The original data of raw reads (CAGE tags) for human and mouse is available from the DDBJ Sequence Read Archive (DRA) (Data Citations Data Citation 2: DDBJ Sequence Read Archive DRA000991,Data Citation 3: DDBJ Sequence Read Archive DRA001026,Data Citation 4: DDBJ Sequence Read Archive DRA001027,Data Citation 5: DDBJ Sequence Read Archive DRA001028,Data Citation 6: DDBJ Sequence Read Archive DRA001101,Data Citation 7: DDBJ Sequence Read Archive DRA002216,Data Citation 8: DDBJ Sequence Read Archive DRA002711,Data Citation 10: DDBJ Sequence Read Archive DRA002748). The human reprocessed dataset is available at (Data Citation 12: Figshare http://doi.org/10.6084/m9.figshare.c.3743288) and mouse reprocessed dataset is available at (Data Citation 13: Figshare http://doi.org/10.6084/m9.figshare.c.3743378). The results of realignment of CAGE reads in BAM format (.bam) with their index files (.bai) are located under ‘basic/*’ directories at http://fantom.gsc.riken.jp/5/datafiles/reprocessed/ or in LSDB Archive (Data Citation 11: LSDB Archive http://doi.org/10.18908/lsdba.nbdc01389-000.V002). The reprocessed CTSS file of each sample in BED format is also located in the same directory.

    The genomic coordinates of the reprocessed CAGE peak regions in the BED format are in (Data Citations Data Citation 11: LSDB Archive http://doi.org/10.18908/lsdba.nbdc01389-000.V002,Data Citation 12: Figshare http://doi.org/10.6084/m9.figshare.c.3743288,Data Citation 13: Figshare http://doi.org/10.6084/m9.figshare.c.3743378). The tab-delimited annotation files of CAGE peaks are in (Data Citations Data Citation 11: LSDB Archive http://doi.org/10.18908/lsdba.nbdc01389-000.V002,Data Citation 12: Figshare http://doi.org/10.6084/m9.figshare.c.3743288,Data Citation 13: Figshare http://doi.org/10.6084/m9.figshare.c.3743378). The expression profiles of CAGE peaks in OSC table (Order Switchable Column table) (https://sourceforge.net/projects/osctf/) can be found in (Data Citations Data Citation 11: LSDB Archive http://doi.org/10.18908/lsdba.nbdc01389-000.V002,Data Citation 12: Figshare http://doi.org/10.6084/m9.figshare.c.3743288,Data Citation 13: Figshare http://doi.org/10.6084/m9.figshare.c.3743378).

    Sample metadata is stored in sample and data relationship format (SDRF)19 at the ‘basic/’ directory at http://fantom.gsc.riken.jp/5/datafiles/reprocessed/.

    Technical Validation

    Number of realigned CAGE reads

    The numbers of CAGE reads successfully aligned to the genome assemblies are shown in (Table 4). Slightly less number of CAGE reads were successfully aligned with the current genome assemblies than the original ones for both human and mouse. This can be explained by the incorporation of complex and duplicated regions into the current genome assemblies, which made uniquely aligned CAGE reads in the original assemblies as aligned with multiple locations in the current assemblies. Overall, very similar number of CAGE reads are available before and after the realignments.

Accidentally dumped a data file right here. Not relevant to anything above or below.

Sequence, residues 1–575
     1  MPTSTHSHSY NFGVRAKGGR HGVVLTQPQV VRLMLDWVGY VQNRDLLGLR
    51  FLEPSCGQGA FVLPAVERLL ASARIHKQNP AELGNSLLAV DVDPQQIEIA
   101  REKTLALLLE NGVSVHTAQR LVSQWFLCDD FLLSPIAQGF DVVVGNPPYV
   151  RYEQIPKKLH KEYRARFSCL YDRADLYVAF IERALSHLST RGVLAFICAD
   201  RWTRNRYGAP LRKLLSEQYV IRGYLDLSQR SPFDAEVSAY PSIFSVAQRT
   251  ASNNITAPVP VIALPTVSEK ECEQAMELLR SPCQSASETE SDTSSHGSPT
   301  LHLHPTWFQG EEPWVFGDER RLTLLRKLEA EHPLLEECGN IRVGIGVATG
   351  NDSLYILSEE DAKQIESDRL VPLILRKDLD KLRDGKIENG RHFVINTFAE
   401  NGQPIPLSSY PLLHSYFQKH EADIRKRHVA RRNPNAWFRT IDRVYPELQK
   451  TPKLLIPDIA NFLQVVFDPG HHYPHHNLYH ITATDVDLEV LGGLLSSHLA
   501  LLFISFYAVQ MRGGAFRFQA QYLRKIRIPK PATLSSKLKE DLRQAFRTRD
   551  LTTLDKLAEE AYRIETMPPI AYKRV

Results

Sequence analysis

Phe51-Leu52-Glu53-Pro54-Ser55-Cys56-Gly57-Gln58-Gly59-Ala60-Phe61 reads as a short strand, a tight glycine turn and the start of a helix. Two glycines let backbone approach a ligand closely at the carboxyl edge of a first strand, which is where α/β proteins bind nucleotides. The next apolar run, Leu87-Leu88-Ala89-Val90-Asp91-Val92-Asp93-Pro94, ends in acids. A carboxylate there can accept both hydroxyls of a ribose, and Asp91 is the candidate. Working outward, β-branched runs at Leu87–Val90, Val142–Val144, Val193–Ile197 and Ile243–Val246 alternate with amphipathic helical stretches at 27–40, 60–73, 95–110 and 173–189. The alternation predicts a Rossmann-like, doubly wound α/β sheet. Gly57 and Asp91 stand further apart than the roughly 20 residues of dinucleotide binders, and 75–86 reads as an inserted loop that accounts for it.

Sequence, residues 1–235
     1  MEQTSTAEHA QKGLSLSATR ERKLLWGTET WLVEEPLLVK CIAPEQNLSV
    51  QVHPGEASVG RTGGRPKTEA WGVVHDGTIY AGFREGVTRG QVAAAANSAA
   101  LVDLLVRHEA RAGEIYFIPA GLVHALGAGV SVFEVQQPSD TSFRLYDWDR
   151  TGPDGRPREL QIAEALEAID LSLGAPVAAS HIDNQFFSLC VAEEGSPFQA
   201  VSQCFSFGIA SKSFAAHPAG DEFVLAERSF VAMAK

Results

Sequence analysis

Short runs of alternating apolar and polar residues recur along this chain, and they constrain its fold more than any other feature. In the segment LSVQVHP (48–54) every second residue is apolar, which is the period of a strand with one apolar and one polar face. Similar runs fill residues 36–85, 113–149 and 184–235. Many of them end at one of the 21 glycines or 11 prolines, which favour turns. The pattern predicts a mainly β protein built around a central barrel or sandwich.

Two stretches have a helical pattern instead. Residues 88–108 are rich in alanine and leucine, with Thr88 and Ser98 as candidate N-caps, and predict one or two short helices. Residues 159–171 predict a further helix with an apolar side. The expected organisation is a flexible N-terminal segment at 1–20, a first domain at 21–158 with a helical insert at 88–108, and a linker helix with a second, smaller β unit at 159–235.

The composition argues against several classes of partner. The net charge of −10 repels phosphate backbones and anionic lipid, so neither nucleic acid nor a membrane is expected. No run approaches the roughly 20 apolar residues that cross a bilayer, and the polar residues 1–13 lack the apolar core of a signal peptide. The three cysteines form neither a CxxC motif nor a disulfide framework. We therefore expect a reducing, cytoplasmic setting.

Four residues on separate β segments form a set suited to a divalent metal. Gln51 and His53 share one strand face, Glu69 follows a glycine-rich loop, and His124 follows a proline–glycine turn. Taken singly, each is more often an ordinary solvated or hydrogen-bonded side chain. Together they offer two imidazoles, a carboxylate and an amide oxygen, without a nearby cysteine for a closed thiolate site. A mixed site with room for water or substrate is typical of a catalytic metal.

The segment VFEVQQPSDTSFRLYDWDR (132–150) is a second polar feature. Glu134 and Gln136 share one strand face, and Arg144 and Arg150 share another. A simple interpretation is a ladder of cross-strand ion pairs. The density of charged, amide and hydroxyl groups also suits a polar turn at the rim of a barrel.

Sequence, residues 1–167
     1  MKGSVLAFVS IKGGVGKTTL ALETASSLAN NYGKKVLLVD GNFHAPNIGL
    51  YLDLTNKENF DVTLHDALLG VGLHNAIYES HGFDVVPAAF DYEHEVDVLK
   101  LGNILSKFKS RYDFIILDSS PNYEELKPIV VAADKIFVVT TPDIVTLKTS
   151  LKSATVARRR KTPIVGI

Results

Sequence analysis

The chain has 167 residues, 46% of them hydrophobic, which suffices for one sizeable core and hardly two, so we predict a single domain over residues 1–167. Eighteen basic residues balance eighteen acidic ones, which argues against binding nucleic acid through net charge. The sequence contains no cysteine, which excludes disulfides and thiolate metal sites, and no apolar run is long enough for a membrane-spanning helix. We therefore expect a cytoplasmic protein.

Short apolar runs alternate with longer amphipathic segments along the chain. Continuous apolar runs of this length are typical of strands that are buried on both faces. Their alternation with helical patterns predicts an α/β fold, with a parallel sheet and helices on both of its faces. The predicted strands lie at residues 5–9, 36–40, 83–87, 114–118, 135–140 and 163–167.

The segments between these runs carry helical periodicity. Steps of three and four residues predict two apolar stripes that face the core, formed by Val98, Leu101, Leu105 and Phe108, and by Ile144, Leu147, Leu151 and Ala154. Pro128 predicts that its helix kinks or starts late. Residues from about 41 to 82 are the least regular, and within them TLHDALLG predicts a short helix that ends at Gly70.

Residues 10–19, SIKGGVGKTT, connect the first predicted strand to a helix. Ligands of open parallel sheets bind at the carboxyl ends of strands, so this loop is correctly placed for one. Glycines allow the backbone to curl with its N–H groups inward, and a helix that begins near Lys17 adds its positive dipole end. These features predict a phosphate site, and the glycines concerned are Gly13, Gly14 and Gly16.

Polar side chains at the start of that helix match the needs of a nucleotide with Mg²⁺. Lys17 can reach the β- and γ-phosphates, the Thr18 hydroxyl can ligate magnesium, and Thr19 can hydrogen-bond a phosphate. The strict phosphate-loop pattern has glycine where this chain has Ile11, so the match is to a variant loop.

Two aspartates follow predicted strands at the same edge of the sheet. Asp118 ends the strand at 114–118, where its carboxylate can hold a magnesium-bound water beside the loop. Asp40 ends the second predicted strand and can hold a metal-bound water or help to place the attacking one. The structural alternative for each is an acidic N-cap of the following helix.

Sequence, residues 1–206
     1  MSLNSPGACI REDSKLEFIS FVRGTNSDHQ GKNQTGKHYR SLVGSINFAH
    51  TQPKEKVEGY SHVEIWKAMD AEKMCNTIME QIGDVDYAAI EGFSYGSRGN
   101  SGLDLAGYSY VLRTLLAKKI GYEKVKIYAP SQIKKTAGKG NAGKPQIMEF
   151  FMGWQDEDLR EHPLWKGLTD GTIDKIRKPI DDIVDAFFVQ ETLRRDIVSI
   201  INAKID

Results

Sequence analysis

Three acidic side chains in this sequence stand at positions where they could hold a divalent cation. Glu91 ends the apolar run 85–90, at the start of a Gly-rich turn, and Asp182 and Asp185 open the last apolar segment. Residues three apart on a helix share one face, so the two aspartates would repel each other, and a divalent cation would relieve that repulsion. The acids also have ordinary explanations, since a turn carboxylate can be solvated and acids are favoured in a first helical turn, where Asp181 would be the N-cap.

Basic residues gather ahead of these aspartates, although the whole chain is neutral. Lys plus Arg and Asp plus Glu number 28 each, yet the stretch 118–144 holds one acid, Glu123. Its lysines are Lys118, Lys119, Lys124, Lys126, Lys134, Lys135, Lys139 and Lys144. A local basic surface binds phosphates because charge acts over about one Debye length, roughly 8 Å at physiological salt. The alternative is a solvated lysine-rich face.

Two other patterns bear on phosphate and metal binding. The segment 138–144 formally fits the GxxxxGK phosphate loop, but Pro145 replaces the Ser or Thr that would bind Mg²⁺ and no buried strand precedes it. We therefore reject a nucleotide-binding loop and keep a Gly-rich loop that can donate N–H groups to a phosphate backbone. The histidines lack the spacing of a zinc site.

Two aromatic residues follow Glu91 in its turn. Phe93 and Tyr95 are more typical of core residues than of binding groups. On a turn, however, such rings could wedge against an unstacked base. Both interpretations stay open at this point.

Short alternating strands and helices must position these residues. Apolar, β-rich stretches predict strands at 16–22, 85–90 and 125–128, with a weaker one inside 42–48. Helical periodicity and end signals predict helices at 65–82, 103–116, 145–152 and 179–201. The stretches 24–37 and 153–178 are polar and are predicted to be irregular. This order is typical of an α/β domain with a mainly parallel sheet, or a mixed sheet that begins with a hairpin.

Table 4: CAGE read counts.

    Number of converted CAGE peaks

    The numbers of CAGE peaks converted from the original assemblies are shown in (Table 1). The majority of the peaks, more than 99%, were classified into the category ‘fair’. The detailed numbers of problematic and dropped peaks are shown in (Tables 5,6,7,8). We further inspected the problematic CAGE peaks, and found that the CAGE reads corresponding to the original peak were discarded due to low mapping quality (that is, aligned to multiple regions). This is again likely due to duplicated genomic regions that were introduced in hg38 and mm10.

    Table 5: The problematic peaks in hg38.
    Table 6: The problematic peaks in mm10.
    Table 7: The dropped peaks from hg19.
    Table 8: The dropped peaks from mm9.

    Comparison of the fair CAGE peaks and DPI-called CAGE peaks

    We compared the converted CAGE peaks in the ‘fair’ category with the peaks identified based on the read realignments with the latest genome assemblies (DPI CAGE peaks). The number of their overlaps (Table 9) shows that approximately 95% of a peak set is covered by the other. This result indicates high concordance of the converted CAGE peaks to the ones based on realignments, and underline a certain amount of additional CAGE peaks, ~8,600 and ~5,700 in human and mouse, were newly included in the CAGE peak set provided here.

    Table 9: Number of new CAGE peaks identified by peaks calling and their overlap with the converted CAGE peaks.

    Expressions of the CAGE peaks

    Next, we examined expressions of the CAGE peaks on the original genome assemblies and the current ones (Fig. 2). Their expression levels are tightly consistent across the assemblies, as correlation coefficients are more than 0.99, using Spearman’s and Pearson’s correlation for human and mouse. At the same time, the scatter plot indicates a limited number of peaks that were quantified differently. For the majority of those inconsistent peaks, the expression levels were low, very likely due to the incorporation of duplicated regions in the current assemblies.

    Figure 2: Correlation between the CAGE tags count of the aligned CAGE reads and the liftOver CAGE peaks.
    Figure 2